“Technically skilled people working together all over the world is the heart of how we create, build and maintain the infrastructure of the internet. The operators who take care of their research and education networks cultivate the local expertise to enable continuous progress in their communities. We appreciate the visionary leadership and funding provided by the European Union to develop dedicated regional network infrastructure, which enables people to deliver relevant educational platforms and research output that ultimately enriches the whole internet ecosystem. The NSRC group is honoured to deepen our complementary working relationship with the wonderful team at GÉANT and continue growing the global R&E network fabric”.
Steve Huter, Director of NSRC
Under the new partnership agreement, over the next few months Steve and his colleagues will continue their long-standing commitment towards helping local NRENs expand internet access in Africa, working closely with GÉANT, the UbuntuNet Alliance in Eastern & Southern Africa, WACREN in West & Central Africa and ASREN in North Africa to establish and fine-tune training needs in the framework of the AfricaConnect2 project.
In addition to Africa, GÉANT and NSRC are also exploring synergies and further collaboration opportunities with other EU-funded regional networking projects. Under the new agreement, they plan to identify needs and develop joint programmes to support EUMEDCONNECT in the Eastern Mediterranean (in conjunction with ASREN), CAREN in Central Asia, the new Asiaconnect phase of TEIN in Asia-Pacific (in conjunction with TEIN*CC) as well as to further engage in Africa via AfricaConnect2 (in conjunction with the African regional partners).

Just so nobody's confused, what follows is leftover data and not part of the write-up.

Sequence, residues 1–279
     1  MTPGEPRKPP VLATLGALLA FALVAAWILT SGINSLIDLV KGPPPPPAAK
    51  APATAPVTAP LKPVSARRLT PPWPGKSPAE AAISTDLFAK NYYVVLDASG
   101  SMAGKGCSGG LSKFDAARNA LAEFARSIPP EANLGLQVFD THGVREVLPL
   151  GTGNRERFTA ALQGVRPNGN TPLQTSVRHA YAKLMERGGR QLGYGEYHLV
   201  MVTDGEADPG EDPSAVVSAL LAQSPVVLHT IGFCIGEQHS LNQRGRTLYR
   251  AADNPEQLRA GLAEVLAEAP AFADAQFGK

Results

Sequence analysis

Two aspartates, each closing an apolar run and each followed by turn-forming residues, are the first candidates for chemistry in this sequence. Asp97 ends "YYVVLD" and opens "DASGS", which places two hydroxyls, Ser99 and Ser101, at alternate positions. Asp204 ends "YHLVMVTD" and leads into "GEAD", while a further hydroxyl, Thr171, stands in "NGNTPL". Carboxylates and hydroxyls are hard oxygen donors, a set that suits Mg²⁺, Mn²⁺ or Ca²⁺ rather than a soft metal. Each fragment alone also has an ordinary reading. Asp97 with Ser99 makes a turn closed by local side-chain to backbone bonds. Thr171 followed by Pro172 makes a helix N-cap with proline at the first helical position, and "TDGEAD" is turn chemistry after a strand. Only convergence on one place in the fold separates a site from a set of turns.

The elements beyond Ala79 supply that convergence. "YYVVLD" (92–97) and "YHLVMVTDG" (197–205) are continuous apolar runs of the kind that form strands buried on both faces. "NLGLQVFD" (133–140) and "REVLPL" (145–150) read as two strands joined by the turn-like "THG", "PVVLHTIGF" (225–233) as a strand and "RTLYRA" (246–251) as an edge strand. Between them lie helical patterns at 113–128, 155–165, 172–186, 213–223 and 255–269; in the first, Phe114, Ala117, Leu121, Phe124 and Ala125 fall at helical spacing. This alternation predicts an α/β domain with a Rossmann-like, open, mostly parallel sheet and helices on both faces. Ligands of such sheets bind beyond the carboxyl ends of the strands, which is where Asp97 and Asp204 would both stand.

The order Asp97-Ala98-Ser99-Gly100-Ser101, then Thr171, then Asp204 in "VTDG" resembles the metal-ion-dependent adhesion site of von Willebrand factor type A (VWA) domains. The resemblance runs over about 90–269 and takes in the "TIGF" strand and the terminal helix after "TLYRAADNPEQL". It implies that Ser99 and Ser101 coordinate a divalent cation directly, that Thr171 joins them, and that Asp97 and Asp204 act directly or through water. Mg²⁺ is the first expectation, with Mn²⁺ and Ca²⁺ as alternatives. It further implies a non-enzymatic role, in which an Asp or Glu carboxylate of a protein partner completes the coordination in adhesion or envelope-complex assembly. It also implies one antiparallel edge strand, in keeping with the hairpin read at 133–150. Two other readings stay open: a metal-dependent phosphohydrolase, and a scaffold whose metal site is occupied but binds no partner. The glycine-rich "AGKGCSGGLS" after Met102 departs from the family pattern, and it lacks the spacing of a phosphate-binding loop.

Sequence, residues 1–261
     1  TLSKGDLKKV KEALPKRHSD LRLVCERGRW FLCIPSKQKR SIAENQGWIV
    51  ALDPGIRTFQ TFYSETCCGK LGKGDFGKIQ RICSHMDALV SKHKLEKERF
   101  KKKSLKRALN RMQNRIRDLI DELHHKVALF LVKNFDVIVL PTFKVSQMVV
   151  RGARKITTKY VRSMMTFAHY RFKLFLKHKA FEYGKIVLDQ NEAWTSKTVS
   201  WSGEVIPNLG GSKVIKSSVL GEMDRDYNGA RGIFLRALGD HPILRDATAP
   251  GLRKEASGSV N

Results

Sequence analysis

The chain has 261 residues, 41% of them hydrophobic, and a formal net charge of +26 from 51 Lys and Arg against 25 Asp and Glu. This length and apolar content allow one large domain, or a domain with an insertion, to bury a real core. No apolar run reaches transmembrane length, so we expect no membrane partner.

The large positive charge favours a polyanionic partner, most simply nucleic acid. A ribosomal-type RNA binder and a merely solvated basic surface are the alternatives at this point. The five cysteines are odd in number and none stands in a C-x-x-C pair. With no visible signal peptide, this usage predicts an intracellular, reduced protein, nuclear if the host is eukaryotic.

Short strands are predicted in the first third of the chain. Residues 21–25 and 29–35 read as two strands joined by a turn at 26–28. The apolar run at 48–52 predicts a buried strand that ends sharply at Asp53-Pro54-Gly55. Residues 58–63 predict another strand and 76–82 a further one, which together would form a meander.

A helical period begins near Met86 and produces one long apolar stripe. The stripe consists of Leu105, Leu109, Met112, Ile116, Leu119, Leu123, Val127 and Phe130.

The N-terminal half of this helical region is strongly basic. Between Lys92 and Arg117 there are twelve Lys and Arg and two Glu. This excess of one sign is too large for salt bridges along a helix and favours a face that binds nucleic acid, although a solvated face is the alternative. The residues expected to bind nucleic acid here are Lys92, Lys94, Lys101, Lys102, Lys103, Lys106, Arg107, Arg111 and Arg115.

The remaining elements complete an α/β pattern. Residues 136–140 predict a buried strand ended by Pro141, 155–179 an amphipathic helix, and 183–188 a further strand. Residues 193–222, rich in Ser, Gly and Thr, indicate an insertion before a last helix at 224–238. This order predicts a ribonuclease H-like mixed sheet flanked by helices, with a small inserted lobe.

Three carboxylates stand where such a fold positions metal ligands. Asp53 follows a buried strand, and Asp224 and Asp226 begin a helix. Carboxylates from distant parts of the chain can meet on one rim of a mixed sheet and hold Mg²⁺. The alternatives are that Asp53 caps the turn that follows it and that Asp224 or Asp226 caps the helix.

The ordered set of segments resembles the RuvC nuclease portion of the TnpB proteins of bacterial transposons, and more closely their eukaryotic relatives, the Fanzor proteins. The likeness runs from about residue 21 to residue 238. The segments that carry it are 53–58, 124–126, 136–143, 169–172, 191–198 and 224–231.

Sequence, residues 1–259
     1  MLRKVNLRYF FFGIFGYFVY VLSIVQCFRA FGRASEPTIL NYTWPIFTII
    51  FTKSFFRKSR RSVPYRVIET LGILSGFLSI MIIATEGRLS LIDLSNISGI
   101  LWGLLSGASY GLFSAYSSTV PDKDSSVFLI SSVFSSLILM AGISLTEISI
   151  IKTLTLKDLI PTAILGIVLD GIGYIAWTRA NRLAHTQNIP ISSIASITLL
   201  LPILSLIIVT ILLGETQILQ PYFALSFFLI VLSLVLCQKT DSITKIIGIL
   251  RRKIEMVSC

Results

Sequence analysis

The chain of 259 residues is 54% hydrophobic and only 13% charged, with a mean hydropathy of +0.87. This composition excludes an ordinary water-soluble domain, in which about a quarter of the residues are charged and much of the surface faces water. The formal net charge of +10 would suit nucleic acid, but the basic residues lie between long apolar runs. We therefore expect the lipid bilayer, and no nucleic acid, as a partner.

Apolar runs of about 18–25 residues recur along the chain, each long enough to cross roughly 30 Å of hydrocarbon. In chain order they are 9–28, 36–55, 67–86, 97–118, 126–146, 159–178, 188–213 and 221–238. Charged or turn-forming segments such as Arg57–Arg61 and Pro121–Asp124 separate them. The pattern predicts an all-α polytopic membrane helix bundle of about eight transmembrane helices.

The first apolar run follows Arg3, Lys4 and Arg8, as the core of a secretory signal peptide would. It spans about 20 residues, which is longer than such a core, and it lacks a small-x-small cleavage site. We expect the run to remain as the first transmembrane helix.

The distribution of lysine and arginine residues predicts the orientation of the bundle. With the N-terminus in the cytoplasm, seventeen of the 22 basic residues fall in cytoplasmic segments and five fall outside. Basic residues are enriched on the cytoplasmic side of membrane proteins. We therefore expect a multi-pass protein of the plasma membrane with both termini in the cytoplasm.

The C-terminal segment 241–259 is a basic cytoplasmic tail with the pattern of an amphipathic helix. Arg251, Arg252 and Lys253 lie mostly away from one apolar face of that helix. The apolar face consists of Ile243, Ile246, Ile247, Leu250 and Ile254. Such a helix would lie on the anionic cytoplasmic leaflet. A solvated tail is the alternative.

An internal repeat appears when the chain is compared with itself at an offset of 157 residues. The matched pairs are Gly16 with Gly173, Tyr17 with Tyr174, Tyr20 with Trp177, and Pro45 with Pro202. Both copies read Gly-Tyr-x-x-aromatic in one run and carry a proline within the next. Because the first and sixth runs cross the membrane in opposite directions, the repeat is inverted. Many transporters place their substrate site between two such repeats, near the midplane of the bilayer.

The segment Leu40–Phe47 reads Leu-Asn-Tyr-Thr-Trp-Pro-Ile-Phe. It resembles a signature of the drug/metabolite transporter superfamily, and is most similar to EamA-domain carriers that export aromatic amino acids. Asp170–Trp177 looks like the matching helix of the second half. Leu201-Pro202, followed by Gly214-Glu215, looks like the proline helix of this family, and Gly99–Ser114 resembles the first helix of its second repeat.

"Thank you for giving us and our member institutions this valuable opportunity of providing a network engineering assistance programme for LEARN. The NSRC team helped three of our universities fix bottlenecks caused by firewall, internal routing and IPv6 configuration issues. Guidance provided on selecting the right fibre transceivers will save millions of rupees out of future purchasing and sound technical advise received on network monitoring will help us optimise the performance of the internet access".
Kirthi Walgama, CEO, LEARN, Sri Lanka
The NSRC was established in 1992 to provide technical assistance to organisations setting up computer networks in new areas to connect scientists engaged in collaborative research and education. For nearly 25 years, the NSRC has helped develop Internet infrastructure and network operations communities in Africa, Asia/Pacific, Latin America/Caribbean, and the Middle East. The NSRC is partially funded by the International Research Network Connections (IRNC) program of the U.S. National Science Foundation and Google, with additional contributions from dozens of public and private organisations.
To find out more, visit http://nsrc.org